Mike Huckabee suggests 'lack of thought and prayers' behind mass shootings

Former Arkansas Gov. Mike Huckabee (R) on Monday suggested that a lack of thoughts and prayers is "the single biggest factor" behind mass shootings like the ones that took place in Texas and Ohio last weekend. 

"Despite all those who are denouncing the idea of prayers for the victims ... I will continue to pray for the victims and their families and for an end to this mindless violence, and I hope you will, too," Huckabee, who ran for the Republican presidential nominee in 2008 and 2016, wrote in a blog post on his website.

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"In fact, amid all the finger-pointing and blame-laying and repulsive attempts to turn these tragedies to political advantage before the bodies are even cold, I would posit that the lack of thought and prayers is probably the single biggest factor in what is behind them," he continued.

Huckabee's comments came after a weekend in which mass shootings in El Paso, Texas, and Dayton, Ohio, left more than 30 people dead. The tragedies have sparked discussions about mass shootings in the U.S. and who or what is to blame.

Some Democratic lawmakers have called out President TrumpDonald John TrumpWHCA calls on Trump to denounce video depicting him shooting media outlets Video of fake Trump shooting members of media shown at his Miami resort: report Trump hits Fox News's Chris Wallace over Ukraine coverage MORE's rhetoric on immigration in wake of the shooting in El Paso. Huckabee, whose daughter, Sarah HuckabeeSarah Elizabeth SandersWhite House press secretary defends lack of daily briefings: Trump 'is the most accessible president in history' Sarah Huckabee Sanders says she is 'relentlessly' attacked by women Sarah Sanders makes debut as Fox News contributor MORE Sanders, once worked as White House press secretary, took issue with their comments. 

He specifically called out former Rep. Beto O'RourkeBeto O'RourkeButtigieg pushes back on O'Rourke threat to strip religious institutions of tax-exempt status O'Rourke raises .5 million in third quarter Conservatives slam Beto O'Rourke over threat to tax-exempt status for religious organizations MORE (D-Texas), a 2020 Democratic presidential candidate, for calling the president racist, questioning how "someone who has repeatedly denied being racist can be an 'open, avowed racist.'"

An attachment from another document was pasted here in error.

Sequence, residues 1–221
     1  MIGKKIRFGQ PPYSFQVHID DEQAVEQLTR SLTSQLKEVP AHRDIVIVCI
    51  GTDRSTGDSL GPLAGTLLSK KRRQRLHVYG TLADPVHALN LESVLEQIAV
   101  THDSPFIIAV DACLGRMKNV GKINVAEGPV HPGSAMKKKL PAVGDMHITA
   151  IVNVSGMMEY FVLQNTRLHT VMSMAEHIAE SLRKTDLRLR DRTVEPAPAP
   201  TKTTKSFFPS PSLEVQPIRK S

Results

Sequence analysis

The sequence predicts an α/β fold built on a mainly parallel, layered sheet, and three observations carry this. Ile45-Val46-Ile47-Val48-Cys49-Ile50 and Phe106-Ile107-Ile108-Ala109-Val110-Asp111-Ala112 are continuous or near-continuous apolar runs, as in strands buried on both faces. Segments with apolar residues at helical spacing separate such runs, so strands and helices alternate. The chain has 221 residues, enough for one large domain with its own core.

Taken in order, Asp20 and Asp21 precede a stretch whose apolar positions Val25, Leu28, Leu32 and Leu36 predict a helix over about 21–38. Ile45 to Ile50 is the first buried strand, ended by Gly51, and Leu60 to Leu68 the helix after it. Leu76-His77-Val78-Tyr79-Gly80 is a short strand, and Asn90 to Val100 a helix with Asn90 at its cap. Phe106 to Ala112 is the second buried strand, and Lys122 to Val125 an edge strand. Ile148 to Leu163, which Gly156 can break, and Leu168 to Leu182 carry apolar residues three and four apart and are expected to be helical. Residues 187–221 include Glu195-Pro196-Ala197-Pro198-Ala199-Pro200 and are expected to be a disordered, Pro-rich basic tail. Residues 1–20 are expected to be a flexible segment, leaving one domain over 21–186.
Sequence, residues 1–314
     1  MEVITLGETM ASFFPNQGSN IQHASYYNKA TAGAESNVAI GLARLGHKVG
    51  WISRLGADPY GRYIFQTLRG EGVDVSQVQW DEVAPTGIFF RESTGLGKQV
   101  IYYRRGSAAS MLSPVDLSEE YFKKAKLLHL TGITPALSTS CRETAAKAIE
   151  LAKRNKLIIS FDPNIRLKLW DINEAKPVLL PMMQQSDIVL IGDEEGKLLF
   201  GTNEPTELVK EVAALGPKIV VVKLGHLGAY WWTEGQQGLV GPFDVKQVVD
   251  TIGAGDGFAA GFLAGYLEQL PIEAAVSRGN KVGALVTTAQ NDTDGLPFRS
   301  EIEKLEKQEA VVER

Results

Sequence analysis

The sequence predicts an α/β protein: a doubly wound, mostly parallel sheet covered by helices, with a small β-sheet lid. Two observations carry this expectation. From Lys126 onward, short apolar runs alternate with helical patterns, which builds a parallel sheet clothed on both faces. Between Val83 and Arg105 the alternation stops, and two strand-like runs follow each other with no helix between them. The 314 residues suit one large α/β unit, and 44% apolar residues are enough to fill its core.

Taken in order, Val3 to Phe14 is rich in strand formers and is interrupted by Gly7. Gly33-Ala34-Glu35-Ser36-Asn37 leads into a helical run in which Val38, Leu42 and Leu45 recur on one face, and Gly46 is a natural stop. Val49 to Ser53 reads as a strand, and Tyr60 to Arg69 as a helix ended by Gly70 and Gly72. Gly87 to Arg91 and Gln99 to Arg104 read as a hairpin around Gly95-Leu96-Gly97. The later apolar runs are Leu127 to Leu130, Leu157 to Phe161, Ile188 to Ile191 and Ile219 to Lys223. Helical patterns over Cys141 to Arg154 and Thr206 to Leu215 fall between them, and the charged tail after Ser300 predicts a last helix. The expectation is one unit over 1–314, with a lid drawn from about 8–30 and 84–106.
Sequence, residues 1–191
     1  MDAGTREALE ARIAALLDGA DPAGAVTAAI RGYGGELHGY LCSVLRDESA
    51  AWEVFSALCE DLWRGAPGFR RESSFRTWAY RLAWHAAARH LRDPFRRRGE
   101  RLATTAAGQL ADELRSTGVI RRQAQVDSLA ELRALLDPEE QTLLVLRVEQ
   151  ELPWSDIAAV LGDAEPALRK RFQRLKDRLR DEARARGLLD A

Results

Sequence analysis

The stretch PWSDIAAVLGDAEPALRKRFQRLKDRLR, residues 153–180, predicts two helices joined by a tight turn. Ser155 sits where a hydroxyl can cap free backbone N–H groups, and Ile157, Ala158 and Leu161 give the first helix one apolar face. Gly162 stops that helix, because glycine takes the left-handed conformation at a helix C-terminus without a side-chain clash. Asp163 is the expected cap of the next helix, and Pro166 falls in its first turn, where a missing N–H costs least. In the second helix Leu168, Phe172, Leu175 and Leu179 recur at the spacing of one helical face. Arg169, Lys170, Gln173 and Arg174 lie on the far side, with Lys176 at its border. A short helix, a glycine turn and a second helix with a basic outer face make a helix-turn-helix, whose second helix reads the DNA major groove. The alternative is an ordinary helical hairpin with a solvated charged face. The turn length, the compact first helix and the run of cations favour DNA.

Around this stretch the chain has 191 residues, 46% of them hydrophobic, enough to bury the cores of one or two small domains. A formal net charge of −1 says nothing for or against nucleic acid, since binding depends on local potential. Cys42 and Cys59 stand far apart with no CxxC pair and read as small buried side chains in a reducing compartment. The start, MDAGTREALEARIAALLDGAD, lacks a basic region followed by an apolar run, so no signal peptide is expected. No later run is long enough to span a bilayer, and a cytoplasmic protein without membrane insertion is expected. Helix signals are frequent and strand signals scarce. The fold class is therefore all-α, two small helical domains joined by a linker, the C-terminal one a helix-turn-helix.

He later argued that lawmakers will never be able to "legislate the evil out of people’s hearts."

"This is never going to end until we have a reawakening of morality and values, and until kids are brought up once again to believe that we are all made in the image of God, that life is sacred and superficial differences like skin color are meaningless," he wrote before concluding that "passing more laws and pointing more fingers is just rearranging the deck chairs on the Titanic."

"That’s why I will keep ignoring the scoffers and saying prayers and urging everyone to join together and do the same," he wrote. 

Public officials have received a significant amount of criticism in recent years for using the "thoughts and prayers" phrase in response to mass shootings. Sen. Cory BookerCory Anthony BookerRepublicans wrestle with impeachment strategy O'Rourke campaign says path to victory hinges on top 5 finishes in Iowa, Nevada O'Rourke raises .5 million in third quarter MORE (D-N.J), who is running for the Democratic presidential nomination, said in May that advocating for "thoughts and prayers" in response to gun violence was "bullshit."